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    ABSTRACT: The Fifth Assessment Report (AR5) of the Intergovernmental Panel on Climate Change (IPCC) in 2013�2014 was the most comprehensive analysis of anthropogenic climate change, its impacts, and potential responses. It concluded that climate change is “unequivocal” and human activities are the dominant cause. Avoidance of “dangerous” climate change will require sustained substantial reductions of emissions by mid-century and that net emissions decrease to zero before 2100. This paper describes, reviews and explains the place of tourism in AR5 and AR5’s relevance for tourism’s future, including impacts, adaptation, vulnerabilities, and mitigation. Tourism’s position in AR5 has strengthened, particularly with respect to the recognition of transboundary impacts, the sector’s contribution to climate change and its mitigation requirements. Major regional knowledge gaps persist. A lack of understanding of the integrated impacts of climate change and the effectiveness of adaptation strategies potentially hinders the development of resilient tourism operations and destinations. Uncertainties regarding tourist response to climate change impacts and mitigation policy impede predictions of tourism demand. The implications of different decarbonization pathways for the future of international tourism represent a key knowledge gap. The limited response of key tourism organizations to AR5 contributes to the risks climate change poses to the sector.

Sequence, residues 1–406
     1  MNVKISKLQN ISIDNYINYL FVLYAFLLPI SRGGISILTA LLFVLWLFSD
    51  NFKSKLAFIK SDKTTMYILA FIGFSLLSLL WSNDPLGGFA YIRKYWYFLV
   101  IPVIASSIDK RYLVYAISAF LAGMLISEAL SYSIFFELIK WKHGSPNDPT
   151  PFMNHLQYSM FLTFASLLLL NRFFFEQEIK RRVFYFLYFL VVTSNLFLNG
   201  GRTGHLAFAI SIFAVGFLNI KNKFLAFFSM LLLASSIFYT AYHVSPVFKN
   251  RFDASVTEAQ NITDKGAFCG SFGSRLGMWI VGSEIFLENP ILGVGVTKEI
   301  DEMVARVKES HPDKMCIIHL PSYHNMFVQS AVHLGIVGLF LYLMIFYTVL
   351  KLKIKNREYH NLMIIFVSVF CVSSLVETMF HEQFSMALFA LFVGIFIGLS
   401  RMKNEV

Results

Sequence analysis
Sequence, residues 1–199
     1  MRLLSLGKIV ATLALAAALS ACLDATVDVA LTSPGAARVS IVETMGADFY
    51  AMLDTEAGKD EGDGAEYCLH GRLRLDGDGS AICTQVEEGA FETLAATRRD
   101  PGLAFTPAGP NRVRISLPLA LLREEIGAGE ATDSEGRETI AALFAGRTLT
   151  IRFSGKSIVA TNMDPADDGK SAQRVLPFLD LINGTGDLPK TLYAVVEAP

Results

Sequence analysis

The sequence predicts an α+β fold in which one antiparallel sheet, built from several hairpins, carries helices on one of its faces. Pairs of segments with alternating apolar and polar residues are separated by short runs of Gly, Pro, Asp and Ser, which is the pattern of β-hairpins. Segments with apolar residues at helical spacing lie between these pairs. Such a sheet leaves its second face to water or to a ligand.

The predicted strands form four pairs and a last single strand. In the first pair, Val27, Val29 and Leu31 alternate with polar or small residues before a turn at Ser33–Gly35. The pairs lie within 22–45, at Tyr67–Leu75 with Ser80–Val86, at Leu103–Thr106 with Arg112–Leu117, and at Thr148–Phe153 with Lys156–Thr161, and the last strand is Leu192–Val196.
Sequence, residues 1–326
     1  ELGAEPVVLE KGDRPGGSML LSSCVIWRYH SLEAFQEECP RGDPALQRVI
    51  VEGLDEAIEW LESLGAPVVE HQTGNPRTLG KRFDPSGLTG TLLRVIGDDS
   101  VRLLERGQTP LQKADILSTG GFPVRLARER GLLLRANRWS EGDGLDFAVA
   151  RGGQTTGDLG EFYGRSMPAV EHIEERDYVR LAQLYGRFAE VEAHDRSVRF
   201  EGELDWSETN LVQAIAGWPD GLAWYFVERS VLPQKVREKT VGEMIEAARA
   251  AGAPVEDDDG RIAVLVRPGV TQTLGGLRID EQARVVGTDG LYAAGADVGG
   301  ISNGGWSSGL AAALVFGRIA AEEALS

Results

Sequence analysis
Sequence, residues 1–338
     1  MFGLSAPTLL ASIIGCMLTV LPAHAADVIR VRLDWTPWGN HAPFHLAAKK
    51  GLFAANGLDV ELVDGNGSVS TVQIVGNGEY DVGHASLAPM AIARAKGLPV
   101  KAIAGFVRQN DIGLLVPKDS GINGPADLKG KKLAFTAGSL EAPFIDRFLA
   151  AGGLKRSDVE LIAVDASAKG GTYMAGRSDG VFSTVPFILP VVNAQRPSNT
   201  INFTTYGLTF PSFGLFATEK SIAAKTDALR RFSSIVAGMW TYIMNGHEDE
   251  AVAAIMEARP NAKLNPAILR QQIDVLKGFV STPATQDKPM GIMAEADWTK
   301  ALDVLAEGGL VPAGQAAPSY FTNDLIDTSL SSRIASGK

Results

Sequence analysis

Journal of Sustainable Tourism 07/2015; DOI:10.1080/09669582.2015.1062021
  • Journal of Sustainable Tourism 06/2015; DOI:10.1080/09669582.2015.1038101
  • Journal of Sustainable Tourism 06/2015; DOI:10.1080/09669582.2015.1037841
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    ABSTRACT: Peak Oil, the peaking of global oil production, is a collective risk highly relevant to the tourism sector. Public discourse on Peak Oil, however, is limited. To better understand what “sense” tourism experts make of Peak Oil, and provide a platform for future debate and action, this research used the theory of social representation to explore core and peripheral elements that constitute Peak Oil representations and help tourism stakeholders to conceptualize and address this issue. Using free association methodology, 101 tourism experts worldwide provided up to five words and three mental images describing their thoughts and feelings about Peak Oil. The analysis highlights the importance of economic impacts and alternative energy sources, as well as anchoring effects to more established concepts such as sustainability and climate change. Notably, each of the four professional sub-groups approached (academics, consultants, government and industry representatives) had markedly different core beliefs. There was no agreement on whether Peak Oil was concerning or not, and whether action is required by the tourism sector to address negative impacts. This was particularly evident with the industry sub-group. Future research and policy implications are outlined, including the role of the media, and its responsibility to facilitate this discourse.
    Journal of Sustainable Tourism 05/2015; DOI:10.1080/09669582.2015.1042484